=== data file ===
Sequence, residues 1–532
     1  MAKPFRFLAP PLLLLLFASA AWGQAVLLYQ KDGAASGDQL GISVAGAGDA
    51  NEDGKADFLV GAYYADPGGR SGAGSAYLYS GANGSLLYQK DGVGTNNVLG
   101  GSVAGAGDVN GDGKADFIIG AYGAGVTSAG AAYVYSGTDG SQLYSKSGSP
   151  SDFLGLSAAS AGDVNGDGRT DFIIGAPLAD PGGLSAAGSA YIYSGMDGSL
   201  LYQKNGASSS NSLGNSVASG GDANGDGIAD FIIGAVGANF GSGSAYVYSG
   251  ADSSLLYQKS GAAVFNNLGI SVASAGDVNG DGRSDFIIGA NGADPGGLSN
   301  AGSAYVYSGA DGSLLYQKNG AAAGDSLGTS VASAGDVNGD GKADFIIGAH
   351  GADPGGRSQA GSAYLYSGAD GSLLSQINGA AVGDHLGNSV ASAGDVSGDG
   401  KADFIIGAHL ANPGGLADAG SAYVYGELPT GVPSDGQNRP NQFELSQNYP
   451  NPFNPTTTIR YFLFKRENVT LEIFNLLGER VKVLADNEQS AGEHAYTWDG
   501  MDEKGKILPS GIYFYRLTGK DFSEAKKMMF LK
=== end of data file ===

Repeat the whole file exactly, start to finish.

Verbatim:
Sequence, residues 1–532
     1  MAKPFRFLAP PLLLLLFASA AWGQAVLLYQ KDGAASGDQL GISVAGAGDA
    51  NEDGKADFLV GAYYADPGGR SGAGSAYLYS GANGSLLYQK DGVGTNNVLG
   101  GSVAGAGDVN GDGKADFIIG AYGAGVTSAG AAYVYSGTDG SQLYSKSGSP
   151  SDFLGLSAAS AGDVNGDGRT DFIIGAPLAD PGGLSAAGSA YIYSGMDGSL
   201  LYQKNGASSS NSLGNSVASG GDANGDGIAD FIIGAVGANF GSGSAYVYSG
   251  ADSSLLYQKS GAAVFNNLGI SVASAGDVNG DGRSDFIIGA NGADPGGLSN
   301  AGSAYVYSGA DGSLLYQKNG AAAGDSLGTS VASAGDVNGD GKADFIIGAH
   351  GADPGGRSQA GSAYLYSGAD GSLLSQINGA AVGDHLGNSV ASAGDVSGDG
   401  KADFIIGAHL ANPGGLADAG SAYVYGELPT GVPSDGQNRP NQFELSQNYP
   451  NPFNPTTTIR YFLFKRENVT LEIFNLLGER VKVLADNEQS AGEHAYTWDG
   501  MDEKGKILPS GIYFYRLTGK DFSEAKKMMF LK